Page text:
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A.M. Costa Rica

Third News Page
AIM
San José, Costa Rica, Monday, Sept. 22, 2014, Vol. 14, No. 187
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Landslides and highway closings are a fact of life in the rainy season
By the A.M. Costa Rica staff

Now that the rainy season is here in full force, expats who wish to go or return from the Caribbean coast have two alternatives: The slow and tortuous route through Turrialba or the more dangerous Ruta 32 from Guápiles to San José.

Ruta 32 through the Parque Nacional Braulio Carrillo in the vicinity of the Zurquí tunnel is almost back to normal today after work crews removed tons of dirt, rock and trees that collapsed onto the roadway Thursday evening. The Cruz Roja said that 1,200 persons were trapped in vehicles and even a bus by three giant landslides and 11 smaller ones.

By 2 p.m. Saturday the Consejo Nacional de Vialidad said the highway was open again. That is until the next heavy rain.

The government plans to rebuild that road and shave back the cliff of dirt, rock and trees that is the south side of the highway. The north side is a cliff, so a slide has the potential of pushing a vehicle into a long fall.

The highway agency offered another alternative for persons headed to the northern zone.  That is Ruta 126 through Cariblanco. But that, too, is shelf road. About 7 p.m. Friday two men in a delivery truck went off Ruta 126. The victims were brothers with the last names Segura who lived in Heredia, said the Judicial Investigating Organization.

Landslides onto highways are nearly always the faults of bad planning or an effort to construct a road cheaply.  To fix Ruta 32 will require moving thousands of tons of rock and dirt.

A project starting today at Monteverde will shave back part of the cliff there, in part to provide room for installing a sewer line.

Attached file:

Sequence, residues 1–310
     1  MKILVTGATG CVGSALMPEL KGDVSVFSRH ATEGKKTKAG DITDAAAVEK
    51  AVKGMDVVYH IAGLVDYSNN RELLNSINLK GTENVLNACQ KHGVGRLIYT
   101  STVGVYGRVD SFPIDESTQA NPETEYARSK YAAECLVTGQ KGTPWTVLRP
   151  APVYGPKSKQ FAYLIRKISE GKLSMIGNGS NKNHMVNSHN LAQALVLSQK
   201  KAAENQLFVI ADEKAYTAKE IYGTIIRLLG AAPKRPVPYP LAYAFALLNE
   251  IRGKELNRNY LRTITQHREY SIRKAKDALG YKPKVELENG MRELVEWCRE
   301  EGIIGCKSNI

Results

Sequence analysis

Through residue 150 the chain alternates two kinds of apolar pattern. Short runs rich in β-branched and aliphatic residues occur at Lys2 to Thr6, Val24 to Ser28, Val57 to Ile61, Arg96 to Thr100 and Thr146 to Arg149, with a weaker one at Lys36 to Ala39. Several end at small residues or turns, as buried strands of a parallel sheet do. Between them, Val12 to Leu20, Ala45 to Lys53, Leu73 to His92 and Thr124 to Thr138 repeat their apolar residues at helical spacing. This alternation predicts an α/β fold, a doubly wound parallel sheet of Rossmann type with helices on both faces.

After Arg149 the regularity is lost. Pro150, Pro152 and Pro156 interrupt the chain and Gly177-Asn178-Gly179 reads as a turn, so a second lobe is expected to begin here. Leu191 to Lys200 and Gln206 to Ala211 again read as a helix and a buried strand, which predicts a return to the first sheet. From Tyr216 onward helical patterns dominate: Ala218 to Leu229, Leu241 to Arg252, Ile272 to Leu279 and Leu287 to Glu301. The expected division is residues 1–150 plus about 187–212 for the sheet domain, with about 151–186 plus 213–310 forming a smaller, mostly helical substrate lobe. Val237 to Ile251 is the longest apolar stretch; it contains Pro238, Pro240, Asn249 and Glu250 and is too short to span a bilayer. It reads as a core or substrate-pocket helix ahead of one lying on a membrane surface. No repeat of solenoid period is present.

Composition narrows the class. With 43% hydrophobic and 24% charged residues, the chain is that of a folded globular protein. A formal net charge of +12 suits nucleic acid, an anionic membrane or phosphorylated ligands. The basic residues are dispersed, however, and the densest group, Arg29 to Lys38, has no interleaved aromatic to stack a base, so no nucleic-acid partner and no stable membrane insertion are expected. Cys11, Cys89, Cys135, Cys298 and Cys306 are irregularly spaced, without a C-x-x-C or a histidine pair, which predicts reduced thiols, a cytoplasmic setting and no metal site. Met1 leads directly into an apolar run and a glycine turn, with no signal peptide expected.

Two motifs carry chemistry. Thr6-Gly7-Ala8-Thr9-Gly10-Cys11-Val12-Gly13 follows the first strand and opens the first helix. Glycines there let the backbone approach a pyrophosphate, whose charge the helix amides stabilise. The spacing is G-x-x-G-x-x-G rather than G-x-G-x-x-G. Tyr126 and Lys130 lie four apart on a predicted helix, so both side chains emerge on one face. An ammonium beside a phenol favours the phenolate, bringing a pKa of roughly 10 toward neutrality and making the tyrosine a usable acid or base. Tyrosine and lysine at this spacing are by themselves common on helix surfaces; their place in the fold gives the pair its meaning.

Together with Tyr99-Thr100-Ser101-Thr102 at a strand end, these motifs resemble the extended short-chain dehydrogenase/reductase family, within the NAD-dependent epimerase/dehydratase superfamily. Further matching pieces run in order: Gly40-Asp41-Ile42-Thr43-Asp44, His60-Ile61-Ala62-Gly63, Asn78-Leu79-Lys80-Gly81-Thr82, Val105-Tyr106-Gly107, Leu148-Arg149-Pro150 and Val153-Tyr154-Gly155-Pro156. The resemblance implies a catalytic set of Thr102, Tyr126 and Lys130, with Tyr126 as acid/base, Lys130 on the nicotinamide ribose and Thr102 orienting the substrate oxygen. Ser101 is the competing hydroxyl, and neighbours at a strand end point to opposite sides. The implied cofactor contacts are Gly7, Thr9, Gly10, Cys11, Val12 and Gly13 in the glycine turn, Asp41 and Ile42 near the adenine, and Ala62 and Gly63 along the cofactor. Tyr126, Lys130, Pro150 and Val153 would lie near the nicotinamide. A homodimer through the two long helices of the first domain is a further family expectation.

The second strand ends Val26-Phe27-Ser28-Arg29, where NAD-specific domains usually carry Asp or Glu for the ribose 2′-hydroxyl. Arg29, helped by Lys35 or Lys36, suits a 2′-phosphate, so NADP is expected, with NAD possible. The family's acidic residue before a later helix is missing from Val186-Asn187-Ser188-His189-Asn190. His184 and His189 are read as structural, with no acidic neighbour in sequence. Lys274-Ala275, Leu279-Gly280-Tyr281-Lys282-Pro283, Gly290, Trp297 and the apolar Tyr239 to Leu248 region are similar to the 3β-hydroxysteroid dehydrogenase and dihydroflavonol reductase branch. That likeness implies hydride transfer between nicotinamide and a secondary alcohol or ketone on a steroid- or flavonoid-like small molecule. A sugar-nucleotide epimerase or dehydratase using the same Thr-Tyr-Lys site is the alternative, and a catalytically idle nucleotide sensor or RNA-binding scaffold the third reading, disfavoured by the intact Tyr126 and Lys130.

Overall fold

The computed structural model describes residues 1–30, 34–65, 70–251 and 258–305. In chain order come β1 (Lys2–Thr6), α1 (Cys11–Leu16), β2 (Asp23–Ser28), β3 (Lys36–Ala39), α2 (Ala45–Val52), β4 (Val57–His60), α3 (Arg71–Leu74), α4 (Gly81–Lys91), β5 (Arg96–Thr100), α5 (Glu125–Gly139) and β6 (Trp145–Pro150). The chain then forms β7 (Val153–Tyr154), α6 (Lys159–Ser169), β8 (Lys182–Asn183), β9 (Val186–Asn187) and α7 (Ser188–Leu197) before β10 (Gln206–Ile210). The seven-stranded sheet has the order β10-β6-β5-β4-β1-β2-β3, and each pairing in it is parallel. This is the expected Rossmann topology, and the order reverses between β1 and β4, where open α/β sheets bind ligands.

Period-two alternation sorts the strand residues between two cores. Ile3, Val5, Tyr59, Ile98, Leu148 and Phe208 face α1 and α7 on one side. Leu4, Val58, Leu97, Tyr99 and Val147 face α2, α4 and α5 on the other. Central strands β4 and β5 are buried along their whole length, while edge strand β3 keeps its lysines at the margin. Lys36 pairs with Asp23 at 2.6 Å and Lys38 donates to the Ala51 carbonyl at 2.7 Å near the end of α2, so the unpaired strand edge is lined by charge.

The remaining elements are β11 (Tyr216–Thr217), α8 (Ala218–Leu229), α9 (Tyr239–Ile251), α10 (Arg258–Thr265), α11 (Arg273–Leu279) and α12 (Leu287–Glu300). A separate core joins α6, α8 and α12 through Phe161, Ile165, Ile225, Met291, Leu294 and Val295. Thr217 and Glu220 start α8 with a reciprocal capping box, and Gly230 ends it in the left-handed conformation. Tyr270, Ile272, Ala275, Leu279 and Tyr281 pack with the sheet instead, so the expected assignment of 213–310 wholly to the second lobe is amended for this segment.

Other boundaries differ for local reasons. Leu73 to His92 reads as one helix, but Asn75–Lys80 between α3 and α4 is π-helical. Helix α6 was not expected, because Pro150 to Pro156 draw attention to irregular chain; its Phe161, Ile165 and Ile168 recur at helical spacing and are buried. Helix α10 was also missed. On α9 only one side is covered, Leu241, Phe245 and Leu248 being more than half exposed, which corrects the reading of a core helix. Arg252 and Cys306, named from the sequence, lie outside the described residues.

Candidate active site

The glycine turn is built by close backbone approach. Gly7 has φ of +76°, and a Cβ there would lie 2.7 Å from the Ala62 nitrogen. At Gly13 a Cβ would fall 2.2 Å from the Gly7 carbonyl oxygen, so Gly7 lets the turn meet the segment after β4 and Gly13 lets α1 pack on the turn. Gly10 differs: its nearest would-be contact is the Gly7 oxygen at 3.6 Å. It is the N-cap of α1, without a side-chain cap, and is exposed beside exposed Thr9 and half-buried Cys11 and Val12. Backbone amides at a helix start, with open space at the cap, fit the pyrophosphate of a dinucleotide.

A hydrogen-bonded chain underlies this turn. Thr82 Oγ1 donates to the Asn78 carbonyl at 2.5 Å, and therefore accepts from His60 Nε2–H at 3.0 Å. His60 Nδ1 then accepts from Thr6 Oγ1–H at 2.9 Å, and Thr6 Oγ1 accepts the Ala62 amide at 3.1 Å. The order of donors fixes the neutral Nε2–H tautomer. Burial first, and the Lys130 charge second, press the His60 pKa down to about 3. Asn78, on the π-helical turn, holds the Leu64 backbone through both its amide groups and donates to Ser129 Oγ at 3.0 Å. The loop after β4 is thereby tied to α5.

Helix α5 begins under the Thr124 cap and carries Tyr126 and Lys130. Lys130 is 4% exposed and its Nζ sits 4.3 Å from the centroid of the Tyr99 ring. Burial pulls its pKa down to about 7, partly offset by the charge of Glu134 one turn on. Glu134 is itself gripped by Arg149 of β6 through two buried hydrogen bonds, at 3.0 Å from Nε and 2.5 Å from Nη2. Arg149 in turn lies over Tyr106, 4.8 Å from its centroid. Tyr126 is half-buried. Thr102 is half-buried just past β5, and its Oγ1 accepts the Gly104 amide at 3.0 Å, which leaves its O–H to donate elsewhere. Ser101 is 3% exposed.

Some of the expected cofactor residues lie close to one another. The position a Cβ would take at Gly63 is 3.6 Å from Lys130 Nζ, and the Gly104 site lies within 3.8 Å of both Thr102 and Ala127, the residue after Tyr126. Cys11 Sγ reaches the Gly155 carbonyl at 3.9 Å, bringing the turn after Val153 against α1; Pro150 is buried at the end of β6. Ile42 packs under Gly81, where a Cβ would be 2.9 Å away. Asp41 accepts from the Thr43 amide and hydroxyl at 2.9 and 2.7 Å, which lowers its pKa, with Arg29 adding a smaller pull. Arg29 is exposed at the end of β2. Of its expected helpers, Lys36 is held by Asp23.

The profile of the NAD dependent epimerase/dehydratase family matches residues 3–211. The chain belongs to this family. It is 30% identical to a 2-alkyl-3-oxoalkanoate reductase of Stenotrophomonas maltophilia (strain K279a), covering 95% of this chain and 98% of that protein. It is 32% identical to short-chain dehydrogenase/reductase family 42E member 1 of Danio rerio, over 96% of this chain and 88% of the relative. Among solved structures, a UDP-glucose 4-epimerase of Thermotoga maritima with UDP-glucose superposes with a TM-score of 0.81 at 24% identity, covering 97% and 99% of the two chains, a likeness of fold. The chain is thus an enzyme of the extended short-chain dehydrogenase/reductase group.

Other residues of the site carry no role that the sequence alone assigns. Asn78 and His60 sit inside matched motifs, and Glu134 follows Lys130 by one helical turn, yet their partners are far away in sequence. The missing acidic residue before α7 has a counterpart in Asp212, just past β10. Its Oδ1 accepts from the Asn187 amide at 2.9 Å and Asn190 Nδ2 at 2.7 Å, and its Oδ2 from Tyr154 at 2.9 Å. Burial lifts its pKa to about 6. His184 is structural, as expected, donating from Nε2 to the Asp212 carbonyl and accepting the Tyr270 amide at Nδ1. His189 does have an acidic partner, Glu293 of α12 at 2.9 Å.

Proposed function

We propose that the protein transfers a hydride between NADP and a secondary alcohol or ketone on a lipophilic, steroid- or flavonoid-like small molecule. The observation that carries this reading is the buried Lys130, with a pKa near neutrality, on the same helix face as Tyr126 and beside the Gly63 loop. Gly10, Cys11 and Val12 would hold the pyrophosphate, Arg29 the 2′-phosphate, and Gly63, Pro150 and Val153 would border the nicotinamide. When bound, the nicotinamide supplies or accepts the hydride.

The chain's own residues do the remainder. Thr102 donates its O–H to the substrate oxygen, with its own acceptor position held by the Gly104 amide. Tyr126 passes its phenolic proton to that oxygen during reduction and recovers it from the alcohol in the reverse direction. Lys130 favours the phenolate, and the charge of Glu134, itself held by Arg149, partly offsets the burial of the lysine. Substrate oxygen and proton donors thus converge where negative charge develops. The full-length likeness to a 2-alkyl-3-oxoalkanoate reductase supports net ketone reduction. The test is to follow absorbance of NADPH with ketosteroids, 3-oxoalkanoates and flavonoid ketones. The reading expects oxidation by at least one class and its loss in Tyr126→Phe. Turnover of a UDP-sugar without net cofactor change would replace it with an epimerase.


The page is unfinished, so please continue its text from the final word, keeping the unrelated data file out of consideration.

road work
Consejo Nacional de Vialidad photo
This work is on Ruta 606 near Monteverde.

This is on Ruta 606 between Guacimal and Santa Elena. The road will be closed from 6:30 a.m. to 5 p.m. until Oct. 31., said the consejo.


Mars survey craft from project involving Tica arrives in orbit
By the A.M. Costa Rica wire services

A U.S. spacecraft has arrived at Mars to study the planet's upper atmosphere and help scientists answer questions about how its climate has changed over time.

The craft named the Mars Atmosphere and Volatile Evolution, or MAVEN, completed a 10-month, 711 million-kilometer journey late Sunday. This is the project of which  Costa Rica-born Sandra Cauffman is the deputy project manager.

The craft will measure the rates at which gases escape the Martian atmosphere into space.  NASA says that will allow scientists to calculate how much of the gas the planet has lost throughout its 
history and understand how a planet that possibly once was home to microbial life has turned into a cold and barren desert world.

Billions of years ago, scientists believe, water coursed over the Red Planet’s face. Today, its arid surface may be a textbook on how solar heat not only evaporated that liquid, but also thinned the atmosphere by bleeding off nitrogen and carbon dioxide.

MAVEN will take six weeks to settle into its orbit around Mars and test its instruments before beginning the one-year mission, which carries a price tag of $671 million.

There are three other spacecraft currently orbiting Mars, two American and one European. Another from India is due to arrive Wednesday.

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